Monday, May 12, 2008

15 Reasons Why Practicing Technique Can Improve Your Time at the Piano

"Do I hafta?"

That's the response from legions of pianists who are required to learn mountains of scales, chords, arpeggios. Like oatmeal, technique is supposed to be good for you, but many pianists think that daily doses of it are bland, uninteresting, and merely a preamble to the real business of being a pianist--playing repertoire.

Yet the study of technique is a discipline that can yield much from the fruits of its labor. Here are some of the ways that you can benefit from the regular practice of technique.

1. Learning the building blocks of music. Most Western music is based on a small number of scales and chords. Isolating these elements and making them a part of your daily routine can help you to better understand your repertoire, whether it be classical, pop, rock, jazz, broadway, or country music.

2. Fingering. Humans are equipped with two hands, each of which has a strong second and third fingers, a weak and interdependent fourth finger, a small but spry fifth finger, and an opposable thumb with a completely different manner of operation than the other fingers. Learning the ins and outs of knowing which fingers to use and how can help you tear up and down the keyboard in most spectacular fashion.

3. Sound. Do you actually listen to the sounds you make while practicing those scales and chords? Having a discerning ear for qualities of sound can make those hours become a workout for the ear as well as the fingers.

4. Memorization. The ability to play music from memory is an extremely valuable skill. And where better to learn it than in the workshop of technical exercises and their weird keys, black vs. white notes, fingerings, patterns, and forms.

5. Velocity. Once you're able to slowly and carefully play through a scale, broken chord, or arpeggio, the time is ripe to increase the speed and get through it quicker. I always like to tell students that in order to achieve velocity, they should be thinking faster in addition to playing faster.

6. Warm-up. There is a certain regularity to technical exercises. Many pianists are comforted by having a daily regimen of warm-up exercises that feature technique in order to help them warm up their fingers, hands, wrists, and arms and achieve a sense of grounding at the keyboard before venturing into the minefield of repertoire.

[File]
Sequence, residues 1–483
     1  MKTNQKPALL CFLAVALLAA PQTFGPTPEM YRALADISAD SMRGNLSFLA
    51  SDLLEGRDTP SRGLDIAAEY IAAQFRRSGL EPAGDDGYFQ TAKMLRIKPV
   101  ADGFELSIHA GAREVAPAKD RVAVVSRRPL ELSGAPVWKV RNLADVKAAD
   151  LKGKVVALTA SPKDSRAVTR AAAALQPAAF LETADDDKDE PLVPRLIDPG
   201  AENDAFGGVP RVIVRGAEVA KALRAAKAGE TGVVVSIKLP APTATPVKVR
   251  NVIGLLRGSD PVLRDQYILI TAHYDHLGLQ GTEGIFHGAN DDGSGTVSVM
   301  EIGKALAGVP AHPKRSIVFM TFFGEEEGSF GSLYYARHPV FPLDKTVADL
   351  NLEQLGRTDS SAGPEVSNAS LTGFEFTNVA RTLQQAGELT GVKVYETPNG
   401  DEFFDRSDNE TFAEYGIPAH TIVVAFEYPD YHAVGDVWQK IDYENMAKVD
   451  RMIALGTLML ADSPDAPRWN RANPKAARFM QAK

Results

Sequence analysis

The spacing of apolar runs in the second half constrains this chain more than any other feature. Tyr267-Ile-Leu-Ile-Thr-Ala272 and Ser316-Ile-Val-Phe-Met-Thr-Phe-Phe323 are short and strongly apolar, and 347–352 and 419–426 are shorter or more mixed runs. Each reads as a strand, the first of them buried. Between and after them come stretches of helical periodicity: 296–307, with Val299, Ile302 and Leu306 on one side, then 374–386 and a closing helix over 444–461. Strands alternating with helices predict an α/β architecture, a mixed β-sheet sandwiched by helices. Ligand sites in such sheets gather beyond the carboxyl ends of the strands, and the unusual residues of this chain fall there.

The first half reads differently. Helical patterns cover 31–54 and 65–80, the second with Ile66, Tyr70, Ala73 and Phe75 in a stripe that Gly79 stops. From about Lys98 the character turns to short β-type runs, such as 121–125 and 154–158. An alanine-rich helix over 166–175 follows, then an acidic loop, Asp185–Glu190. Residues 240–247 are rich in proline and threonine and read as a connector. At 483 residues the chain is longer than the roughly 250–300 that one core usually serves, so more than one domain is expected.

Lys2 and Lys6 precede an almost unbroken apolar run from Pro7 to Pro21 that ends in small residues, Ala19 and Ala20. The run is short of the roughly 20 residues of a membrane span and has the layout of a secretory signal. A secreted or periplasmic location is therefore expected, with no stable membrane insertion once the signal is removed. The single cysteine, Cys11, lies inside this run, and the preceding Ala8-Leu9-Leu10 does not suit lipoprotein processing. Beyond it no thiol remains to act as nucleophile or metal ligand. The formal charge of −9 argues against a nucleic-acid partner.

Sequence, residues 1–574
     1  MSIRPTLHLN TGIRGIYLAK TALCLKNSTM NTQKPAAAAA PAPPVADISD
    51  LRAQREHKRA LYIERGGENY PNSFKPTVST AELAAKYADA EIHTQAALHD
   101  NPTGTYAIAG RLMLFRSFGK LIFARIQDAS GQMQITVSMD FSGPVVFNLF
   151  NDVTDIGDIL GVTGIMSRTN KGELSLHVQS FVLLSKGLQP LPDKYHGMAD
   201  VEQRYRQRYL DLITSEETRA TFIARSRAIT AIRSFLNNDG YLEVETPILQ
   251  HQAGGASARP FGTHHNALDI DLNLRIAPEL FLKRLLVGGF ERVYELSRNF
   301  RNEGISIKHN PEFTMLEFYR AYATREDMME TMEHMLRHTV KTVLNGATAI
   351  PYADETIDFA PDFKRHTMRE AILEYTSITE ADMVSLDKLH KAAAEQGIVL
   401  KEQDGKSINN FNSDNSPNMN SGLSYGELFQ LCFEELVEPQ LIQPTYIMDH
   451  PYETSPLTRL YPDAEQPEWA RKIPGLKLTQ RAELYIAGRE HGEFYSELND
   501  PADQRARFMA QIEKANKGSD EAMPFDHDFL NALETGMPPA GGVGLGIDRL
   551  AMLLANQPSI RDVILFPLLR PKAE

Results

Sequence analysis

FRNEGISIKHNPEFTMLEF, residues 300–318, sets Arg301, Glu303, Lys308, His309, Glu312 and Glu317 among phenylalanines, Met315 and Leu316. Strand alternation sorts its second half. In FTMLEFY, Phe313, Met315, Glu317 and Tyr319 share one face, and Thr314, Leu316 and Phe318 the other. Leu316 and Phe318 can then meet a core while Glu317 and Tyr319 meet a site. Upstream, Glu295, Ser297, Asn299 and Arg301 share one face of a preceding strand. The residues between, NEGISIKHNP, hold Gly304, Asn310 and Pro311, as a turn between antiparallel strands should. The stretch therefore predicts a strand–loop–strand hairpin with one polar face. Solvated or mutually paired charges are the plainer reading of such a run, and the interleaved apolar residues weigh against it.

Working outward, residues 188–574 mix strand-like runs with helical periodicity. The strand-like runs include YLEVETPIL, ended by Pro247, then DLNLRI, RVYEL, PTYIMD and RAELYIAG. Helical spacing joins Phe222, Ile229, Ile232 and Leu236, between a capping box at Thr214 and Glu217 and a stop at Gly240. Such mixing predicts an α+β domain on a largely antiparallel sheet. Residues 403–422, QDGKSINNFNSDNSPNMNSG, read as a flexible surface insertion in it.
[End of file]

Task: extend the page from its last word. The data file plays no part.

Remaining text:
7. Detail. I've lost count of the times I've written that a student's scales were "almost" perfect or "nearly" accurate. Taking that final step to excellence demands hard work and dedication and what better way to get there than by ironing out the details.

8. Focus and Concentration. Everyone says that practicing technique is good for your fingers and overall playing mechanism. That's only part of the story--technique is also a workout for the mind, building mental focus and clarity that can also be put to use no matter what you play.

9. Weird keys. Part of becoming comfortable playing piano is the art of making friends with distant keys. These unlikely friendships (I'm particularly enamored with D flat major) can often spill over into the discovery and enjoyment of new and unexpected corners of the repertoire.

10. Identifying keys. Before you play a technical exercise, it helps a great deal to be able to understand and visualize what it consists of. Dominant and diminished 7ths in particular require some thought as to their layout before embarking upon playing them.

11. Feel the power. What many pianists discover at some time in their development is that playing fast and loud can be incredibly fun. Once you make this discovery, playing technique can be an exercise in power, command, and control of your playing. Rock out, dude.